‘ S U R F ‘ N ‘ T U R F ‘
Sometime in the 1600’s, somewhere in the Netherlands, silver platters are teetering on a darkly lit oak table. Bunches of peaches and plumbs spill over the silverware onto the satin cloths. A dead pheasant gazes forlornly into the middle distance and a lobster looks slightly bored as it’s antennae prods a peeled orange. A wicker basket overloads with grapes and a dead butterfly is glued to a fig.
Around four hundred years later in a dingy pub that smells strongly of beer and sticky carpets, football plays on a large screen as someone orders a ‘surf and turf’ that will inevitably taste of de-frosted plastic.
Better than the Dutch masters, more gluttonous than the upper classes of the 1600’s and as ironic as the pub classic, the namesake of his new work, Elliot Walker draws up a seat at the proverbial feast and assuredly becomes the loudest voice in the room.
In a medium commonly associated with daintiness and refined decorative fragility Walker clears this table with confidence. It suits him that his latest narrative in glass is one of excess, sensory gluttony, and, in terms of technique, a challenge that throws down the gauntlet to the glass blowing world.
Back at our feast, frozen in time in the sixteenth century, one could reach through the ornate gold picture frame and touch the soft flesh of the peaches and feel the cool goblets, the wine looks so intoxicating it fills the twentieth century nostril. Walker’s Surf ’n’ Turf offering invites a wearier feaster to the table. More artifice than natural this feast will never rot, there are no flies on this table. There is nothing soft about this abandoned dinner party.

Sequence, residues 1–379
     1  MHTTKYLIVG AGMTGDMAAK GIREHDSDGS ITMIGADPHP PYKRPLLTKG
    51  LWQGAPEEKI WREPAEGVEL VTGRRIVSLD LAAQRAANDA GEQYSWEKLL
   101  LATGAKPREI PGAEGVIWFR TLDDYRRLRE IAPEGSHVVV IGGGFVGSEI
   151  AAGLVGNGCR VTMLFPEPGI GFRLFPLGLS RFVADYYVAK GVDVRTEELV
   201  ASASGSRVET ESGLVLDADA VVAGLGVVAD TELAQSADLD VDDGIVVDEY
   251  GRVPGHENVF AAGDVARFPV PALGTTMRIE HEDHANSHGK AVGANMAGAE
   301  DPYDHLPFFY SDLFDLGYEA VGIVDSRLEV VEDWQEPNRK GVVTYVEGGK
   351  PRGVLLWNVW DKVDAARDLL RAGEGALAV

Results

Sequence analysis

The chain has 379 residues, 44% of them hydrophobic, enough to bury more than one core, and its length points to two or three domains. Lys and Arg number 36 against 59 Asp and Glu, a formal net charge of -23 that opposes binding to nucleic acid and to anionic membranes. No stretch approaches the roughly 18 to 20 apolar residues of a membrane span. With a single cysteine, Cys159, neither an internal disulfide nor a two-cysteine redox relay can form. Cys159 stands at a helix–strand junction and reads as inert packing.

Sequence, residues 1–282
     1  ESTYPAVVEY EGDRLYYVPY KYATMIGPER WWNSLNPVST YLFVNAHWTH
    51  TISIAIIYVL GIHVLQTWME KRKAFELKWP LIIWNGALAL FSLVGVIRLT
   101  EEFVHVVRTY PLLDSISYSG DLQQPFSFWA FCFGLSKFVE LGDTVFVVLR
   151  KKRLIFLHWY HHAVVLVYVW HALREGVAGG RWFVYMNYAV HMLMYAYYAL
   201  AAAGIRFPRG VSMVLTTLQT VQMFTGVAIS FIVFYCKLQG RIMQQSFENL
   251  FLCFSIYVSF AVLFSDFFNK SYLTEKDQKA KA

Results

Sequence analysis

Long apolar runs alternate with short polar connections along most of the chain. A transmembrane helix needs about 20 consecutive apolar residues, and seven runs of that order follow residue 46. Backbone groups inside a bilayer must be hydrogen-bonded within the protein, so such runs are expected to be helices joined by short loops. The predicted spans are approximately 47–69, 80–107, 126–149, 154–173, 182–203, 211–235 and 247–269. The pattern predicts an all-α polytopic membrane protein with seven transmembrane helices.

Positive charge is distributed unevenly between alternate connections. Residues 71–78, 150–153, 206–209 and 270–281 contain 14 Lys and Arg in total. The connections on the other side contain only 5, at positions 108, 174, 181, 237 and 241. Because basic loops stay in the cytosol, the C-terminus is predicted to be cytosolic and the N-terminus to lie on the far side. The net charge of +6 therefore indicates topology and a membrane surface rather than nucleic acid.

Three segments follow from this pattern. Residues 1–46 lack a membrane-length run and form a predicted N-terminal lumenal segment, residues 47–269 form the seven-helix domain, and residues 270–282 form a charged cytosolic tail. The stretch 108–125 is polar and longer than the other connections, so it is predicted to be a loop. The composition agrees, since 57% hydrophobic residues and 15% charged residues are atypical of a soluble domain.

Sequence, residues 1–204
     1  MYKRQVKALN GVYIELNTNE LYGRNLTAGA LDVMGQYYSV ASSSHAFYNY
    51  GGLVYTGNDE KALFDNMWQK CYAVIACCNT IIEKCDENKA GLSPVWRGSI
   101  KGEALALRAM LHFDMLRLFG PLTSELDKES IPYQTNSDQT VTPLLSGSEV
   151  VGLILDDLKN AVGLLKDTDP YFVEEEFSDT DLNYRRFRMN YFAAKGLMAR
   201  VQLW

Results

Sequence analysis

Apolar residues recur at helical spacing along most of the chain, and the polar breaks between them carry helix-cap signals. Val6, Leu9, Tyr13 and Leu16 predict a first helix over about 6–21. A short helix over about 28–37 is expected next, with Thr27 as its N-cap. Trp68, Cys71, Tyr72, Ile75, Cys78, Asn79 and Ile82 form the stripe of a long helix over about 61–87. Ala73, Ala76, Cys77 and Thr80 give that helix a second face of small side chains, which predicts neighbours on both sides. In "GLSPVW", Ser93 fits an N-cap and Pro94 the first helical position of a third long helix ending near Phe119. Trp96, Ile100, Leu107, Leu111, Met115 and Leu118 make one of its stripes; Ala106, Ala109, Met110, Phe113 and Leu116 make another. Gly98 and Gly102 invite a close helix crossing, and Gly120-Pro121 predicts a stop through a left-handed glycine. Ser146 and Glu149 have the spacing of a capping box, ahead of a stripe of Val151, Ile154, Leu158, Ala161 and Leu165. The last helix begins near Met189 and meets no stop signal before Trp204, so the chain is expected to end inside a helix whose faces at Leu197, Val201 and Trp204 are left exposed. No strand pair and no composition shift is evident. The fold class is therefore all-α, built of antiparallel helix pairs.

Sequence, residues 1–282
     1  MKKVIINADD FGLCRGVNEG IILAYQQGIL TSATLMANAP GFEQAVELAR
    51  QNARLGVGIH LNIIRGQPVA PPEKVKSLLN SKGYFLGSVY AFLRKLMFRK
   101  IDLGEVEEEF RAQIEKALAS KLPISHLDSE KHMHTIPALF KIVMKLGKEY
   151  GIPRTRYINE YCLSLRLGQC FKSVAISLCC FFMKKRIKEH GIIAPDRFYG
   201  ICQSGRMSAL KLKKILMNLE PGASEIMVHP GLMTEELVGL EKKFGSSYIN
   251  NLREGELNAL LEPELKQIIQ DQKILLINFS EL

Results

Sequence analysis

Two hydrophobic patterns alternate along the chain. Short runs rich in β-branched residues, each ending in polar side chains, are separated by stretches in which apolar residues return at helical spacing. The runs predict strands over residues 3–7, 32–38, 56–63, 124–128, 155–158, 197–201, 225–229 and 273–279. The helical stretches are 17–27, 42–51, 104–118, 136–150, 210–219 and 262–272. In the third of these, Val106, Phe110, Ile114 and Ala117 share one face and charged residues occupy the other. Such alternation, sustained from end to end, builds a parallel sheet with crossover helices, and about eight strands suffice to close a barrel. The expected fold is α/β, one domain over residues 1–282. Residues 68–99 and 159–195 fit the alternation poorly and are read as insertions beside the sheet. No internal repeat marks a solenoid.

Away from the glinting light refracting off these extraordinary objects there is an underside of darkness. Walker points out that ‘the vitrification of materials is a common occurrence at sites of great calamity’. There is a sense of abandonment at this particular dinner party. A vitrification, or fossilisation, moments before a disaster of grand scale, the guests running for cover as molten pumice and ash rain down, freezing a scene of apparent serenity forever. In a dark parody of the Dutch still life this display nods to the perpetual scene of bountiful life and flips it on its head.